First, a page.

Feature: Stepping-up the fight to combat rising menace of Newham betting fixation

12:00 14 June 2014

Sue Kerten and Frankie Graham with a message on gambling

Sue Kerten and Frankie Graham with a message on gambling


More support is needed for gambling addicts in Newham, according to the chief executive of a Stratford-based service which offers counselling.

Fixed-odds betting terminals are coming under fire. Picture: Press AssociationFixed-odds betting terminals are coming under fire. Picture: Press Association

Sue Kenten, from Drug and Alcohol Service for London (DASL), hopes that a new partnership with Betknowmore will allow a purpose-designed hub 
offering mentoring, outreach and other support facilities to open, as her charity’s offering of six hourly slots is oversubscribed.

“Betting is a growing industry and we are 
really running just to try and catch up to get anywhere,” she explained. “Offering six sessions a week is not sufficient because people engage, but we have more demand.

“We see people who don’t even know that they have a problem. Over the last two or three years we have started to see people who have gambling problems as well as drugs and alcohol addiction.”

Sue co-chaired an open meeting with Frankie Graham, director of Betknowmore, last week to hear residents’ views on what should be done to combat the problem.


n Up to 590,000 adults in Britain could have a gambling problem

n About 75 per cent of problem gamblers also have a mental health issue

n 73pc of British adults gamble at least once a year

n 60pc of problem gamblers commit a non-violent criminal act to fund their gambling

n About 60pc of gamblers will consider suicide and about 20pc will attempt it

n Up to 40pc of gamblers also develop an alcohol or drugs dependency

n A gambling addiction has an impact on about nine other people around you

She says it is clear that the high number of bookmakers in Newham makes it more difficult for people to resist gambling.

“It’s like when you walk past a pub, you might think about having a drink,” Sue said. “We have a lot of empty shops and this is what happens, more and more bookies appear on the high street. They wouldn’t be here if they weren’t making money and, sadly, that market is there.”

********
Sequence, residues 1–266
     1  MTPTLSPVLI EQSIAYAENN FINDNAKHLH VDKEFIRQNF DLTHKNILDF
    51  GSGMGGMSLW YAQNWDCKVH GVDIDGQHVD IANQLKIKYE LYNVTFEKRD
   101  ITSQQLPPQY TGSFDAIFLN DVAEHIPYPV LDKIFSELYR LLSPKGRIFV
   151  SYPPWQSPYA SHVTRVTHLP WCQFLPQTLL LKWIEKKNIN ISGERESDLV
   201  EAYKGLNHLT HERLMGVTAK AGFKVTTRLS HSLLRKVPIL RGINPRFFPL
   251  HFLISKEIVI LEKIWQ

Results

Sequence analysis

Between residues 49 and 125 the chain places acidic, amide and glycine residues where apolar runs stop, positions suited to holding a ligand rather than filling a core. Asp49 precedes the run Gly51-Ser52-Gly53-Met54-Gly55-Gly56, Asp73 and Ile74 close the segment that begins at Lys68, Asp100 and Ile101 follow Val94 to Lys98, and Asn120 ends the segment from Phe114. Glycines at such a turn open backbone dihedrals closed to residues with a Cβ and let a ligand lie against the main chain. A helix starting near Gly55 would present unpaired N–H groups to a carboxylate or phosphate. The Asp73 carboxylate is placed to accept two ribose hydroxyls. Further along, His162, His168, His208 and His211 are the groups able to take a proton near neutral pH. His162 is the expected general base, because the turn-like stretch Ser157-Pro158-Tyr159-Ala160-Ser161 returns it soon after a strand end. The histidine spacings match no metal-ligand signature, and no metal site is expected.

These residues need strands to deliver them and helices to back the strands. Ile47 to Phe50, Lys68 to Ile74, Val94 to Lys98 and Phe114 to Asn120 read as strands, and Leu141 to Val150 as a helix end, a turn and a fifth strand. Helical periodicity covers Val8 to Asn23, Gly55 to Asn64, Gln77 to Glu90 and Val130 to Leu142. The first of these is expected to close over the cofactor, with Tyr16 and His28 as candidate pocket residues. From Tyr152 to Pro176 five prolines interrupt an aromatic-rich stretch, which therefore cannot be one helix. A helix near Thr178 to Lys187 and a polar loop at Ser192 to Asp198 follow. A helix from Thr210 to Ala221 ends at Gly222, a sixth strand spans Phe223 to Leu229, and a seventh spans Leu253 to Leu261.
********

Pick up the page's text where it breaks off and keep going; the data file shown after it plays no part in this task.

Frankie, who was a problem gambler for 20 years, from the age of 16, knows from experience that excessive gambling can impact on every area of your life.

His issues were combined with drug and alcohol problems, which came to a head in 2006 when he almost went to prison after committing crime to fund his addictions.

He is concerned that the availability and ease of gambling is ever increasing, particularly with the rise in use of betting phone apps.

“I think it is a very real social problem that needs addressing and not enough is being done,” Frankie said. “There is a lot more interest in promoting 
remote gambling, especially moving forward, and there are even less safeguards in place.

“If you go to a betting shop you have got to make a bit of an effort, got to go out and get the money to put it in the machine, but now you could be lying in bed and gambling.

“The more betting is available, the bigger the problem is going to be.”

His organisation is campaigning for information about gambling addiction to be made more readily available, in places like youth centres and doctors’ surgeries, as he believes people are often unaware of how they can get help.

“The current implication is that the fault is with the individual person and they are addicted because of their own vulnerability to addiction, there doesn’t seem to be much focus on the cause and effect,” Frankie said. “There is not enough advice in health and community centres about gambling and how it can be addictive but I think we are more willing to think outside the box and develop services and be more flexible about how we are going to combat this.”

Read more:

Betting shops face tougher tests to open in Newham

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